The three black women at SUNY Albany who claimed they were attacked in a racist bus incident are now facing assault charges.
The women—Asha Burwell, Alexis Briggs and Ariel Agudio—pleaded not guilty to misdemeanor assault on Monday. In their initial reports, the women alleged that a group of white people on a bus headed to campus used racial slurs and attacked them, in an incident that seemed to mirror other instances of campus racism.
The event led to a rally on campus and waves of social media support, including from Hillary Clinton. The New York Times reports:
Surveillance videos did not support the accounts of the young women, Ms. Burwell, Alexis Briggs and Ariel Agudio. Neither did the statements of multiple fellow passengers. Rather than being victims of a hate crime, the authorities said, the women had been “the aggressors,” hitting a 19-year-old white woman on the bus.
Watch the video below.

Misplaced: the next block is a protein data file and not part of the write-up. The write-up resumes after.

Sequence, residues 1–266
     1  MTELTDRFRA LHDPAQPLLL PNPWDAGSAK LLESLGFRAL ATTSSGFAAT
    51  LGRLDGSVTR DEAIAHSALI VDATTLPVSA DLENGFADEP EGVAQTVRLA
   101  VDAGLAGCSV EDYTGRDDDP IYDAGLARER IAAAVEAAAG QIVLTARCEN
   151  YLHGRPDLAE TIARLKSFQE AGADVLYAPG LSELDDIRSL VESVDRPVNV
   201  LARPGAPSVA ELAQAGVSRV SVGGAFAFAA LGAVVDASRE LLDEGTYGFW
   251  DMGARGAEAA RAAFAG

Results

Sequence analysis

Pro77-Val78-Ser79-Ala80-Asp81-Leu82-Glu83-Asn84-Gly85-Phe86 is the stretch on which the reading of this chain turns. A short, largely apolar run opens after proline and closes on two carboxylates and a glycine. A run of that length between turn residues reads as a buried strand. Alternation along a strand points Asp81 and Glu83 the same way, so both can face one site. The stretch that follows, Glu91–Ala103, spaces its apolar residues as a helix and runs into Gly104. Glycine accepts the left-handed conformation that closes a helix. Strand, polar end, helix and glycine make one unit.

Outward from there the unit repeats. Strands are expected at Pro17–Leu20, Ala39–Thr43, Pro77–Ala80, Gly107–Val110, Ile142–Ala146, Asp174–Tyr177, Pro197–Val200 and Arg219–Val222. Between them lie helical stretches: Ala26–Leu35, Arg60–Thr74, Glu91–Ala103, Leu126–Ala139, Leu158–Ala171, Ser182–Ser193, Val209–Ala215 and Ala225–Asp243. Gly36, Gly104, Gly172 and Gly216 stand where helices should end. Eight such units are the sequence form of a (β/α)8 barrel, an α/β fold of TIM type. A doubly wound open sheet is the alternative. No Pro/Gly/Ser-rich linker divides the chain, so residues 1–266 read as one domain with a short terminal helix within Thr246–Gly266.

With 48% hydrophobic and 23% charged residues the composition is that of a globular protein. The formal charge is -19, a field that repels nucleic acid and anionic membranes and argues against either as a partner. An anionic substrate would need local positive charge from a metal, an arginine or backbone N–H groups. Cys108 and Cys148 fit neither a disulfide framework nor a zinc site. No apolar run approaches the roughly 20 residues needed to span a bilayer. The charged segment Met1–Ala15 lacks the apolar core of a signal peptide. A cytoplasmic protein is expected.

The NYT points out how ardently conservative media has reveled in the turnaround (some are demanding Clinton to delete her tweet about the attack), as well as the disappointment among students that the false report accusation might overshadow serious cases of racism on campus.
For students and activists in Albany and elsewhere, the stakes were greater. Many feared that the hard-won dialogue over racism on campus, the fragile moment of unity, would disappear under a wave of finger-pointing.
“People were forced to think about things that they didn’t think about, maybe, before,” said Amberly Carter, a coordinator at the university’s Multicultural Resource Center who helped organize the rally. “So do we now stop defending black women because of what happened?”
Still, there’s debate over whether the video of the incident released tells the full story about what could’ve incited the women accused of assault.
Though State Police experts have been working to extract clearer audio from the recordings, viewers have noted that it is difficult to determine what is happening in the chaotic, noisy crowd depicted in the videos.
Naturally, some are using the reported hoax to divert a conversation about race on campus, while others are upset over the potential consequences for victims of assault.
SUNY Albany freshman Lauren Hospedales told the NYT, “It’s disappointing and saddening that somebody who seemed to be trying to help the movement would be the one to set it back.”
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Image via WTEN screengrab